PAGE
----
An NGO staff member tells us the IOM has a huge amount of knowledge and know how, and is carrying out 1600 projects all over the world. Since the end of the Cold War and the wars in the Balkans, the IOM has grown tremendously. At present 120 countries are a member of the IOM. There are ninety more members (other countries, organizations and NGOs) with observer status and the annual budget has grown to nearly 733 million dollars in 2006. According to a top official – who stresses that he is openly disagreeing with his boss – this growth may be attributed to McKinley. ‘He has made the IOM more visible, for in the past the IOM was only regarded as the little brother of the UNHCR. But at the same time he also managed to completely demoralize large parts of the organization, among other things by refusing to consult experienced IOM staff. Although officially there is talk of decentralization, he is precisely arranging everything in an extremely centralized way.’
Divide and rule 
An IOM official: ‘The Director General uses the Human Resources policy to divide and rule. People are transferred in an arbitrary way and replace by people who are more favourably disposed towards the Director General. This is very discouraging for the collaborators.’ Some even talk about nepotism. The official: ‘Well, if he offers his daughter a traineeship in Mexico, it depends whether she is paid for it or not and if she is, how much she gets. That is indeed a borderline case, I would say. The son of Wolfowitz as an operation officer of the World Bank in Indonesia? Indeed, it’s not because he is Wolfowitz’ son that he would not be able to do this. His personal adviser’s daughter Buschmann-Petit assigned for the IOM in Hungary? Everything depends on the way somebody gets appointed and how often such things happen.’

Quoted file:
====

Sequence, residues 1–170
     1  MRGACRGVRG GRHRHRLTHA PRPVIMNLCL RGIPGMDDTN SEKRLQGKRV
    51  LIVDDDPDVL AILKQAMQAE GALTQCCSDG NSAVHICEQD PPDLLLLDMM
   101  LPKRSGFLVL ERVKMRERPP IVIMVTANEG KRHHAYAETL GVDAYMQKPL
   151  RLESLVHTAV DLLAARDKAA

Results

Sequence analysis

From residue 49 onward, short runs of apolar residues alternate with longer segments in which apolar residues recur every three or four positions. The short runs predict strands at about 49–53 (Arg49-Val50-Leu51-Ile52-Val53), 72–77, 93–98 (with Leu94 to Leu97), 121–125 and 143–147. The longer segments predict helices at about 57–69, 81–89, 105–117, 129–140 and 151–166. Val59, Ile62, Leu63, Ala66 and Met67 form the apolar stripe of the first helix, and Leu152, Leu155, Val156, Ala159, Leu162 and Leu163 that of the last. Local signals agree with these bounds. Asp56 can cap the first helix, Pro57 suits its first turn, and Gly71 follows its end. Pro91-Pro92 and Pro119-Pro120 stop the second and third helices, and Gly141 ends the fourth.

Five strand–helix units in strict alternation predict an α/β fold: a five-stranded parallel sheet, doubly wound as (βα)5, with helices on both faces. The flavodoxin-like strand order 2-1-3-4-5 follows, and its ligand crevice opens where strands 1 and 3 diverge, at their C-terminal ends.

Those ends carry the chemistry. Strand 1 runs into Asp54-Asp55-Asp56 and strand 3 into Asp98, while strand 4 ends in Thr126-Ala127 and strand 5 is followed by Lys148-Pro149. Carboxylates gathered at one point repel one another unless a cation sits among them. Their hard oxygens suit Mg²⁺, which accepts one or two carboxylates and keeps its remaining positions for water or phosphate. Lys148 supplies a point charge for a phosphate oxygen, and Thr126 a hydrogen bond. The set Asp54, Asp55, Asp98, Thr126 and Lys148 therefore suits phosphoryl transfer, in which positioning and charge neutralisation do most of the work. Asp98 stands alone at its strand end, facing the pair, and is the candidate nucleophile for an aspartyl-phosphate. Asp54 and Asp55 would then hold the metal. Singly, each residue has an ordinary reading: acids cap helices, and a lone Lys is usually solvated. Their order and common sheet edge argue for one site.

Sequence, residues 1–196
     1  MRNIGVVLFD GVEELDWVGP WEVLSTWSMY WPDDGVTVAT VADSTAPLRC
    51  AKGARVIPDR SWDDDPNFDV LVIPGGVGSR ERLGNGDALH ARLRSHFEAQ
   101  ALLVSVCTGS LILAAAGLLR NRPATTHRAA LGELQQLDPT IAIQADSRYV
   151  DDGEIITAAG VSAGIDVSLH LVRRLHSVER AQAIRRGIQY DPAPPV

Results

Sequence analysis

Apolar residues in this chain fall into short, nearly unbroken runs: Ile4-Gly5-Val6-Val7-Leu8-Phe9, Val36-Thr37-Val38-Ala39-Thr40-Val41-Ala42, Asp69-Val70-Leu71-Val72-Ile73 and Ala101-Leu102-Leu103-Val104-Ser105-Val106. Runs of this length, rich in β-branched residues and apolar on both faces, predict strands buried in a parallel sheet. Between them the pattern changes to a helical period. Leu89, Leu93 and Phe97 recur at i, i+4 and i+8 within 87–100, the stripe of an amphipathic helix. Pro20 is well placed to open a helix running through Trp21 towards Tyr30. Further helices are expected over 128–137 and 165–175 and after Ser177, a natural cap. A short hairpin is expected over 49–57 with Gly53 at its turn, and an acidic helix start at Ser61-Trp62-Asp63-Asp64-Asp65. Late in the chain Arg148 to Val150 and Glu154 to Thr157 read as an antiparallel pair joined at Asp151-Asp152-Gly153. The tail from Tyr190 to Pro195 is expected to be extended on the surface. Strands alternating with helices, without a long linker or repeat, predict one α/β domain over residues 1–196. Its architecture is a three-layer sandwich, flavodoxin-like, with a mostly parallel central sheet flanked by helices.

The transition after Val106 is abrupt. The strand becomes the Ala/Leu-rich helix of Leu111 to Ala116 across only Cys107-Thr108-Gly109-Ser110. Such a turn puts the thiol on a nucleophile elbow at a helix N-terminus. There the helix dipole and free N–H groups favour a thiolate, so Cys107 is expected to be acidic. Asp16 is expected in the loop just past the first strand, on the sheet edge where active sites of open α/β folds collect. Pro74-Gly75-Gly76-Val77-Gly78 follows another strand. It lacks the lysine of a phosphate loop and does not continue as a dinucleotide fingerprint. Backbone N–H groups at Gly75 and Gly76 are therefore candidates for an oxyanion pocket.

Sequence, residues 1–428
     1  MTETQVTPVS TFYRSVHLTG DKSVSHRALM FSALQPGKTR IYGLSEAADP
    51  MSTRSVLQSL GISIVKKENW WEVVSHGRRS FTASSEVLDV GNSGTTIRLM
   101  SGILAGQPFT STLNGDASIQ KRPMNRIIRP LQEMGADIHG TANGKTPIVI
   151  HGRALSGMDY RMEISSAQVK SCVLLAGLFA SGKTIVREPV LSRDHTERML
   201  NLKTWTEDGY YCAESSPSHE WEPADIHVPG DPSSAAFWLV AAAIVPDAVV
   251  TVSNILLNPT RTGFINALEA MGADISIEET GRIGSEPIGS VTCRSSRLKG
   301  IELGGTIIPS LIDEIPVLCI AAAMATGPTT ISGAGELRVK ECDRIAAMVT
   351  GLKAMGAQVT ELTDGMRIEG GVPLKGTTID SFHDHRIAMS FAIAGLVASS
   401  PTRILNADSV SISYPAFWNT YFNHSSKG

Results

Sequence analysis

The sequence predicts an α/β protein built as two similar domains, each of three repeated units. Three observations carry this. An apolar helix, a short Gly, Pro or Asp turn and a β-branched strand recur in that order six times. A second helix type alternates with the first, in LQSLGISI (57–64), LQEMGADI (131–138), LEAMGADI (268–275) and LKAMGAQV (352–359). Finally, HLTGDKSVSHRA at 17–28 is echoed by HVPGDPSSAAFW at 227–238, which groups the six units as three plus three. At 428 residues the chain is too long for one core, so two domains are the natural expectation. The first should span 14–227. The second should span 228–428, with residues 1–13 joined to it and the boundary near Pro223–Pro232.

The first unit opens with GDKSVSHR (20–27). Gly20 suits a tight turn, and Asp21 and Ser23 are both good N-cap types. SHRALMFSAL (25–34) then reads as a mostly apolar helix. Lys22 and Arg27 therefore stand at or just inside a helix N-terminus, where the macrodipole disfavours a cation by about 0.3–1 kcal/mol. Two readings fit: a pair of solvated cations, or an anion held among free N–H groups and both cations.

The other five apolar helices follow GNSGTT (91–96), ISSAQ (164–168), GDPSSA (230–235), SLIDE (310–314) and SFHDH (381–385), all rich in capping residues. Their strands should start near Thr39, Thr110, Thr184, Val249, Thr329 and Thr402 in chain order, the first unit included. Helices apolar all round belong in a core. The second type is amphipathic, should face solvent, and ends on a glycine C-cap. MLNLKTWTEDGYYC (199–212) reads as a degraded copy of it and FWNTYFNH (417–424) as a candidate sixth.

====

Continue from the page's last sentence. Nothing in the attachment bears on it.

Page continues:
The 120 Member States cannot shut their eyes to this. A delegation of the staff has been raising this matter openly for years through the Staff Association Committee (SAC). An official: ‘The SAC has only little means, people and power, but since 2004 it has been giving clear and brave statements during meetings of the Council, the General Assembly of all Member States.’
The internal report of June 2006 states for example: ‘The Human Resources policy of the IOM is deviating more and more from the UN system, to the point that working for the IOM is much less attractive than working for any other international organization. Contracts are made for shorter terms, officials are transferred arbitrarily and promotions get less transparent. Due to this IOM staff rather get demotivated instead of being encouraged to do their best.’